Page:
The real culprit is that servo gain is set too high. This usually happens when you tune everything to be correct at a wider scanangle than standard. The problem which arises at that point is that (due to the cambridge driver's architecture) you're sending a lot more current into the coils... The CT drivers have a relatively low fixed voltage (+/-15-30V) to work with... The rule of thumb is that the higher the voltage, the quicker you can change the flux of the coils (by effectively pushing the old voltage level out quicker) with the additional advantage of using less current for the same density. And because you can't adjust the stock driver's drive voltage, the only way to make them move "correctly" at wider angles is the boost the gain, which can even double or triple the current used normally if improperly set. If you're using "official" cambridge made drivers then you'll see the scanners compress a bit as there are some sanity checks built in. The fact that you're running into problems makes me think that either you tuned the scanheads to the very edge of the spec or you're using a microamp or similar. If heatsink doesn't work, try turning down the scanangle to see if it cools down, and if so, then retune the 30k pattern while scaling the pattern down to a lower scanangle.

  8. #8

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    Okie here is a little update, my main problem was that the XY mount was getting very hot (indicating that there was adequate thermal transfer from the galvos to the mount (so mount tolerences are out of the equation). The problem is the heat is staying contained within the mount. I pulled it and noticed some remnants of a barcode label on the bottom of the mount (probably acting as a thermal insulator), so I cleaned it up with solvent, and went over the aluminum with some scotch brite, and cleaned up all the mating surfaces and put some high temperature coefficient grease on all mating surfaces (XY Mount, riser block to get it to beam height, and baseplate. Powered it up with same test as before, ILDA test pattern 30k, pretty high scan angle, where it lost servo control at 10-20 mins before, it ran fine now, ran it for approx 35 mins, the temperature differential between the Galvo mount and the baseplate was much smaller, there was still localized heat at the point where the galvo coils are, but nowhere near as bad as before. Boy did the servo amps heat up though, and I have them on a massive heatsink. Everything is genuine CTI, servos too, I am using the 678 amps with all appropriate lightshow cti mods. Performance seems to be good, I am not complaining, I am reasonably sure I have these tuned to near max performance. I can display the ILDA30k without problems, and I can scan at very high angles, but when I do the ILDA pattern is still very good, only thing that I lose is the circle in the square gets smaller. Part of the problem is these servo amps do not have separate adjustments for LF damping and HF damping like some of their more modern units do. But from what their head engineering guy told me, that for lightshow, these amps will blow away the newer 671 amps on a 6210 set because they never developed the mods for the 6210 lightshow app on the the newer 671 (or 673 dual driver) driver, and the 671 with the "high output" (discrete amplifier) option would be useless as the coils can't handle the current.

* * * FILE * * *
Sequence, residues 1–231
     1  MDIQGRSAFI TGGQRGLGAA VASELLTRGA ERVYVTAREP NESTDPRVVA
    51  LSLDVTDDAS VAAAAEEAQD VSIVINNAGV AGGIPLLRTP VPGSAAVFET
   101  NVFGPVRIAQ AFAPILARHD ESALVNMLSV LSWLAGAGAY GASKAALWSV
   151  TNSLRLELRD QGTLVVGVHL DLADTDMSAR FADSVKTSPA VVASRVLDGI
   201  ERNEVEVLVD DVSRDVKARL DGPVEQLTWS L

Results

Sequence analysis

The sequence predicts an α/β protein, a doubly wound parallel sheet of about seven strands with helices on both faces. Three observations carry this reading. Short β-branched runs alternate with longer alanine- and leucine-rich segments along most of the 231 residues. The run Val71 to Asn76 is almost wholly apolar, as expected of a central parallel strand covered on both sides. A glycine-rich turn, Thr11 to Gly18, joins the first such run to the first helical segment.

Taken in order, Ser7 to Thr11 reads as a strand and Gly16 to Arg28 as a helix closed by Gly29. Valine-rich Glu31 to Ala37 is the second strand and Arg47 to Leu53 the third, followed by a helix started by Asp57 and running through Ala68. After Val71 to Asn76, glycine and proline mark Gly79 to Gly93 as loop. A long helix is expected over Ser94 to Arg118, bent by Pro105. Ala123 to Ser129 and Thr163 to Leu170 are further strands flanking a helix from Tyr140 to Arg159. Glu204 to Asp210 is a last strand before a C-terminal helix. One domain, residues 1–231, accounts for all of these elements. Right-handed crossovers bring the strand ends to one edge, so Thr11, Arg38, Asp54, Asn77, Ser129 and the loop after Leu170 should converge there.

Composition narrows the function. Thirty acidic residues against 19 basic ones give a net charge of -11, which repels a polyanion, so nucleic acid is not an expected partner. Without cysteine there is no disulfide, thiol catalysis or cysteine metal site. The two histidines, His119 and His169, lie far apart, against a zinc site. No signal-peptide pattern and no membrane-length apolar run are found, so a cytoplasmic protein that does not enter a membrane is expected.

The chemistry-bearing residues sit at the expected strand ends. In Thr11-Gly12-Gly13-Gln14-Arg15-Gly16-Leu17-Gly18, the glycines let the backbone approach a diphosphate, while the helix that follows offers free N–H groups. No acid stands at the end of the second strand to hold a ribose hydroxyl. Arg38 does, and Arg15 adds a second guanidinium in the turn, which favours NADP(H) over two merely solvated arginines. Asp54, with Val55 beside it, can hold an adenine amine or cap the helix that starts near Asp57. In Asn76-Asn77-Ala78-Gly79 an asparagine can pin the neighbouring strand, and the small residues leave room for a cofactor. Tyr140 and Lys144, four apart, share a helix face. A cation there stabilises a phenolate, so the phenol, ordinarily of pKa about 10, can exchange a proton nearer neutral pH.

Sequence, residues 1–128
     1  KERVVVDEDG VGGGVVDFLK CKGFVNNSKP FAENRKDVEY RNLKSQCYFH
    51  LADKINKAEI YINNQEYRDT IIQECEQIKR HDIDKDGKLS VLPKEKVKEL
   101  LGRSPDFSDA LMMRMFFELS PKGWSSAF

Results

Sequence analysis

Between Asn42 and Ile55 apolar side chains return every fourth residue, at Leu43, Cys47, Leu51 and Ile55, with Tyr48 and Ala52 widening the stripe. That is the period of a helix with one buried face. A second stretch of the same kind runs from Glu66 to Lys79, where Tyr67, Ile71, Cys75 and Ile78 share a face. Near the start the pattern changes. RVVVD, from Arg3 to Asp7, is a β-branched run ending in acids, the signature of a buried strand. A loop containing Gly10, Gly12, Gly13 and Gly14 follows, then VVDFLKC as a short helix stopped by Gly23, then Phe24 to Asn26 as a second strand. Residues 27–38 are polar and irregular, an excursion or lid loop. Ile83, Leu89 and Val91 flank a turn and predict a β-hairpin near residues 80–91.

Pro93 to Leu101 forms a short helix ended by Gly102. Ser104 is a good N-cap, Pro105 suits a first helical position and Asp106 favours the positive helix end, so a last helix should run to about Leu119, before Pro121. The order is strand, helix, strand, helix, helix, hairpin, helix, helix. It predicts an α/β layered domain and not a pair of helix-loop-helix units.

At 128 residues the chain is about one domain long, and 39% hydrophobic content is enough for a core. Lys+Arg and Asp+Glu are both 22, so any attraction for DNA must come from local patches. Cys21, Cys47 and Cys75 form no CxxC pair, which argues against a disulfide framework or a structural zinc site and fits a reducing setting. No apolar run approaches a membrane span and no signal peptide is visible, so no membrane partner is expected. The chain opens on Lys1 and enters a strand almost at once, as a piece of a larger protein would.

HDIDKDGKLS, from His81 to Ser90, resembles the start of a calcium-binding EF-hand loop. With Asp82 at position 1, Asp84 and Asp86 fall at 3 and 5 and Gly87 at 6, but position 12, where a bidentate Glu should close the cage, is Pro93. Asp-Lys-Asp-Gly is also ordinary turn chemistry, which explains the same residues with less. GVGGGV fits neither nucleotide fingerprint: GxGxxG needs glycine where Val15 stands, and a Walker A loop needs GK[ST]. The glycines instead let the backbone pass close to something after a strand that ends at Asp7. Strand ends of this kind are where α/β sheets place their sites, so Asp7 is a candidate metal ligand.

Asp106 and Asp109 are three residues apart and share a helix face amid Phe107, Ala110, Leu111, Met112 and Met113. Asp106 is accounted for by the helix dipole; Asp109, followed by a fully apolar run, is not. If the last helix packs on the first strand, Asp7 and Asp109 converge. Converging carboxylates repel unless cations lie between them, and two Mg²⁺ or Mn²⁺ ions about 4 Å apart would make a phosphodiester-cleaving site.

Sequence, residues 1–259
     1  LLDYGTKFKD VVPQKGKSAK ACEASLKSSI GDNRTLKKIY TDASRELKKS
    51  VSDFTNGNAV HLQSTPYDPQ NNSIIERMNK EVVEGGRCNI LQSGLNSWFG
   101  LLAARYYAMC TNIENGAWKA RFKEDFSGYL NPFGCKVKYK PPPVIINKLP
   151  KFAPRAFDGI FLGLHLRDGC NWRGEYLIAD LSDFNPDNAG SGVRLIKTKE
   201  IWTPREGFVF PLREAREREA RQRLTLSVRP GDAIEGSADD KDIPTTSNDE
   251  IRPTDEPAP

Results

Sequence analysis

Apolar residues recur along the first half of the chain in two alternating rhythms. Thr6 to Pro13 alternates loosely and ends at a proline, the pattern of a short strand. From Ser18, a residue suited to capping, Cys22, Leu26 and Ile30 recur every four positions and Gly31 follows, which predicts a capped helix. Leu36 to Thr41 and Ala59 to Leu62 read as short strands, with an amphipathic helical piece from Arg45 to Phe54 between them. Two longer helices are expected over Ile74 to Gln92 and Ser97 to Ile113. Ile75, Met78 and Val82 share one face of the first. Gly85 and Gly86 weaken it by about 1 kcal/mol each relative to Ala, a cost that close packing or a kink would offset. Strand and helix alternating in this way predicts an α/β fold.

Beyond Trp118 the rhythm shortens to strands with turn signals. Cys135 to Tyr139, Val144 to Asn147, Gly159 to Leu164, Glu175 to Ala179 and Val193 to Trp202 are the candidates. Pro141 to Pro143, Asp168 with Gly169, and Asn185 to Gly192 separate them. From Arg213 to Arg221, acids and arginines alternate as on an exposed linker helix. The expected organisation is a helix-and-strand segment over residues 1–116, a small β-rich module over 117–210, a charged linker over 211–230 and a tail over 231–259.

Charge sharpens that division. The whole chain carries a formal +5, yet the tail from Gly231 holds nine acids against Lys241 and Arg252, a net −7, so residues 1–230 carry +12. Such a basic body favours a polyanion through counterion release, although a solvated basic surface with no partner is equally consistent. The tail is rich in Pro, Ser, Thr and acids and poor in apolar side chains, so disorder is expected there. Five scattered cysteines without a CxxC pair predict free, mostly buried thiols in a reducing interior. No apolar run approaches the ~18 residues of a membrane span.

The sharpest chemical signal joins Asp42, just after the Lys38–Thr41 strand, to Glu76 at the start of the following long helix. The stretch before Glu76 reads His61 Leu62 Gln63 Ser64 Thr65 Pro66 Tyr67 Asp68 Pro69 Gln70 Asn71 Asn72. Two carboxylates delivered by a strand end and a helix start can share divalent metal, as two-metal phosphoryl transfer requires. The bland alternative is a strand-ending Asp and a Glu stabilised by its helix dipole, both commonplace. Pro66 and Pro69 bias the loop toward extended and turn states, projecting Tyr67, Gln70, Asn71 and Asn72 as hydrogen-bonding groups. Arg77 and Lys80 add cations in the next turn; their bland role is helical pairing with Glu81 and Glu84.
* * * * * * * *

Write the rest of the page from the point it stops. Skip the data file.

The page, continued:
9. #9
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    I have a small 12vdc fan that blows on the back of my galvo mount. I have been using that way ever since I built my RGB projector. I have not had any problem with performance with this setup. I do have a filter for the air flowing into the projector too.
    "Gravity its not just a good idea its the law"

  10. #10
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    Quote Originally Posted by illuzion View Post
    I can scan at very high angles, but when I do the ILDA pattern is still very good, only thing that I lose is the circle in the square gets smaller.
    Darn... I wish Bill Benner wasn't so tied up with this trip to China. I bet he can explain this a whole lot better than I'm about to try to...

    The center circle is drawn with the scanners in ballistic mode. This means the points for the circle are already intentionally spaced far enough apart that the galvos will never actually reach the current point before they are sent off towards the next point. Thus, they are moving at absolute maximum speed and are also under constant acceleration. (The test pattern is designed with this in mind.)

    If the circle is getting smaller, it means you are scanning too fast and the scanners can't reach the outer boundaries of the square even when traveling at max speed. Which means you need to either slow down your scanning speed or reduce your scan angle, or both. It also means you are overdriving the galvos, which explains the excessive heat. They may be able to survive it, but they certainly weren't designed to operate that way.

    Adam